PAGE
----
Marble with Fluorescent Tube by Castor Design
by Harry / April 16, 2013

"At first glance, Marble with Fluorescent Tube's monolithic 2,500 pound base appears to be at odds with the banality of the bulb which sits on top of it."

(Click the images below for full sized images)


Toronto-based Castor Design has a new division for conceptual works, the Castor Science and Humanities Division. Says principal Brian Richer, "it allows me to do some different type of projects and not [worry] about designing things for the market."


Marble with Fluorescent Tube is monolithic 2,500 pound block with a fluorescent light tube embedded on top. Says Richer, "Considering its apparent simplicity, Marble with Fluorescent Tube makes a wide variety of references, which, at times, approach contradiction."


"The form of the sculpture's base is a clear nod to the work of 1960's minimalist artists."


In contrast with the modern references, the material from which the bases have been made, marble, is closely tied to the history of figurative sculpture. "A final competing reference presents itself in the fact that the sculpture includes electronic components, and is, to a degree, interactive."


"At first glance, Marble with Fluorescent Tube's monolithic 2,500 pound base appears to be at odds with the banality of the bulb which sits on top of it. However, a closer examination of the sculpture reveals that the bulb is emitting light, although the pins through which a fluorescent bulb normally receives current remain unconnected, and the tube appears to be unpowered."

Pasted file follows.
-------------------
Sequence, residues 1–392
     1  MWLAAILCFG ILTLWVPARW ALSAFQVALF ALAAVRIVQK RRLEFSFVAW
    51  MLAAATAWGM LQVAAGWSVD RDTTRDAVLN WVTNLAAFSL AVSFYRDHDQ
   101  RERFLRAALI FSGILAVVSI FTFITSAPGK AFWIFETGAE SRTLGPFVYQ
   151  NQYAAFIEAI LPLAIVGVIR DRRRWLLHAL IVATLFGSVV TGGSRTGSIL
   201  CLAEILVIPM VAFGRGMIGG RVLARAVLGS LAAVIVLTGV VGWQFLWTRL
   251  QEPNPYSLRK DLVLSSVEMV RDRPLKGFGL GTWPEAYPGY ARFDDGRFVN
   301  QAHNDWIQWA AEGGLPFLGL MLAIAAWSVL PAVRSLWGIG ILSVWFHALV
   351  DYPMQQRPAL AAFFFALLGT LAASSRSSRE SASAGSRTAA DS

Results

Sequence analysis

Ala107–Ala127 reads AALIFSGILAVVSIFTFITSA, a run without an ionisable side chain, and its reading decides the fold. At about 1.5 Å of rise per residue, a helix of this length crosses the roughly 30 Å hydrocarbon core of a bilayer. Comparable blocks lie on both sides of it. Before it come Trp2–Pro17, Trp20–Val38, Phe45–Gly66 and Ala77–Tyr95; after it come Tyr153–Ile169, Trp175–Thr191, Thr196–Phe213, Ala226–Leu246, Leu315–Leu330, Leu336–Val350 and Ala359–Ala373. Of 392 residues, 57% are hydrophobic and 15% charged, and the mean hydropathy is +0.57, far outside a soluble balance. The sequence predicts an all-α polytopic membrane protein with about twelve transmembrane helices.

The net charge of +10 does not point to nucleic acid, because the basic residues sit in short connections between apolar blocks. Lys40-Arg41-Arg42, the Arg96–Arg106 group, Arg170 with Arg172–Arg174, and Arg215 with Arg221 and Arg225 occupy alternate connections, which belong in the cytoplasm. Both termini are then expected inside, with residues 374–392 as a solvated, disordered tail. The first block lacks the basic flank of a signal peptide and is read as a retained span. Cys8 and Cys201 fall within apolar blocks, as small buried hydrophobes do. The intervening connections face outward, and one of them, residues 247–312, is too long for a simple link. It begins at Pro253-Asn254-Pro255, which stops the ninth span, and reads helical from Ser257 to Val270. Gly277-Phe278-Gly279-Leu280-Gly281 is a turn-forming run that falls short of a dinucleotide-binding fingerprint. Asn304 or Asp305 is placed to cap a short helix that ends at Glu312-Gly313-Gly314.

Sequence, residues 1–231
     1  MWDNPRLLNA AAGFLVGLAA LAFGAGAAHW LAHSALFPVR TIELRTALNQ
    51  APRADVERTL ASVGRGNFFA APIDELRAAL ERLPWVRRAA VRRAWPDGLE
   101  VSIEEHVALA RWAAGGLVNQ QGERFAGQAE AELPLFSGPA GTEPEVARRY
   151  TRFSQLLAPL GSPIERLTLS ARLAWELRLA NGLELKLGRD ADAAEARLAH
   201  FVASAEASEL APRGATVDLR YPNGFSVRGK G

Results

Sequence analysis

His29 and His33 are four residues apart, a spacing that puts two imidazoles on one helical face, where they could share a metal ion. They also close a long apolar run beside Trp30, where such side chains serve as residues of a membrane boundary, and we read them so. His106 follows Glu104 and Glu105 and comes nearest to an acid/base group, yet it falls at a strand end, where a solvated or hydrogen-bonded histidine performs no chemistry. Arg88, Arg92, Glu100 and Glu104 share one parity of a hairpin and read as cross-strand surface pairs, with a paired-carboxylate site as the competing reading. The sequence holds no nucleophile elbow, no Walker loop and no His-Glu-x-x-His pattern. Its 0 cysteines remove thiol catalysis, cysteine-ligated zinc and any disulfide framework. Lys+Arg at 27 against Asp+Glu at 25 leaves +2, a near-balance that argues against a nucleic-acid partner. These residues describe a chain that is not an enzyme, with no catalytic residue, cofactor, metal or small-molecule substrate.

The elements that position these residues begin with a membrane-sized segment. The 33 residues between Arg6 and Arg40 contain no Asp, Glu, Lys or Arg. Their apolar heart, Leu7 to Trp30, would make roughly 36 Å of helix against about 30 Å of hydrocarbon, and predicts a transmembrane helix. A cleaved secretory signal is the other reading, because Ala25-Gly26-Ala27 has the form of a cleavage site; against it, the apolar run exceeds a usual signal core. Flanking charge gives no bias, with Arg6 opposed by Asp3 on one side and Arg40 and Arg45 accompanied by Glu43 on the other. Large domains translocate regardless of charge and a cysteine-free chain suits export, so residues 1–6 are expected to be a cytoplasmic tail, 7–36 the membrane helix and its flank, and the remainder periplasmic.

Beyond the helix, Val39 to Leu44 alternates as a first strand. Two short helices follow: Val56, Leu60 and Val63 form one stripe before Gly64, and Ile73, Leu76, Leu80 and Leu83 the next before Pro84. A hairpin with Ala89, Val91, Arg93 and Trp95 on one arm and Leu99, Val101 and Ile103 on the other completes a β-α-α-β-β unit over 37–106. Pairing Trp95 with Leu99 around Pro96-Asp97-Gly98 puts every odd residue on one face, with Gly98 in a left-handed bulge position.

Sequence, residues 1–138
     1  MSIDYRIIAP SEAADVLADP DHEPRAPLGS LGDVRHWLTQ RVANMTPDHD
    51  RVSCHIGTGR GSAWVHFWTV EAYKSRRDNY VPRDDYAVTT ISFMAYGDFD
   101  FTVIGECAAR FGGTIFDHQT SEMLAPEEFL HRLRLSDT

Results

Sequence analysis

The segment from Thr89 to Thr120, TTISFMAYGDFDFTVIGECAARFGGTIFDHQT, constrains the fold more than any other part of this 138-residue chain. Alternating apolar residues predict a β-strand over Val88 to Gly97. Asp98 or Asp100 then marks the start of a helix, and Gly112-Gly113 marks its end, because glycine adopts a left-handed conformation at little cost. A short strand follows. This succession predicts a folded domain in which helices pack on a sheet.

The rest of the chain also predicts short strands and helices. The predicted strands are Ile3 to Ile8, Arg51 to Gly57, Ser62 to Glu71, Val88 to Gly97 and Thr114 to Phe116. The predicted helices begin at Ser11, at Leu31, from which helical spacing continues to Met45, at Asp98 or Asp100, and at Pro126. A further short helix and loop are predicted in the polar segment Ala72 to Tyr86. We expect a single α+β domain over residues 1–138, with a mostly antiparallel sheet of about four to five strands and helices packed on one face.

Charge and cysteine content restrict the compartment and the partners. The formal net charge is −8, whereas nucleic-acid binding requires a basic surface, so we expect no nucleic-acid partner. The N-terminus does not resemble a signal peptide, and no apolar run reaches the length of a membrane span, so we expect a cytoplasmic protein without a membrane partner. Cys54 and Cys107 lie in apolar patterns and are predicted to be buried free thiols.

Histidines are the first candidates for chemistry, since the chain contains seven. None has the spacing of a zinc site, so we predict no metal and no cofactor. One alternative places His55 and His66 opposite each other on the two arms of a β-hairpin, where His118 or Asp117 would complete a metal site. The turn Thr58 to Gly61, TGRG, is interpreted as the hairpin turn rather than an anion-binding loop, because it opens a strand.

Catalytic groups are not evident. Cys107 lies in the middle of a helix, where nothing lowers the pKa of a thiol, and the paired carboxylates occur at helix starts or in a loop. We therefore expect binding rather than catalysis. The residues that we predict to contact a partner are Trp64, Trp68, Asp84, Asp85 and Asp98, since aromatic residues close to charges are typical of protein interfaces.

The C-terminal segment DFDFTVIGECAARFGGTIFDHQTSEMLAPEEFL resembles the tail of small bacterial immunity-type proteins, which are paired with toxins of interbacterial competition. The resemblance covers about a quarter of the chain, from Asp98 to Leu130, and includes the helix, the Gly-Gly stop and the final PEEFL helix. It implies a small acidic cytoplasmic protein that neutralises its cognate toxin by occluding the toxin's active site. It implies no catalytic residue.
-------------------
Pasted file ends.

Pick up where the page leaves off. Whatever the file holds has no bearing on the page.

"This effect is achieved through the wireless transmission of electricity, a field pioneered by inventor Nikola Tesla."


"The marble base houses a circuit that safely stores an electric current within a magnetic field, which is then transferred into the fluorescent bulb. While being displayed, the bulb sits in a channel carved into the sculpture's marble base. It will continue to emit light if lifted several inches away."


Marble with Fluorescent Tube represents a synthesis of the Richer's experience as a stone carver, and his continued interested in obscure technologies.


The piece, as well as an edition of 10 smaller versions created to accompany it, are currently on display at the Gallery House in Toronto, Canada.






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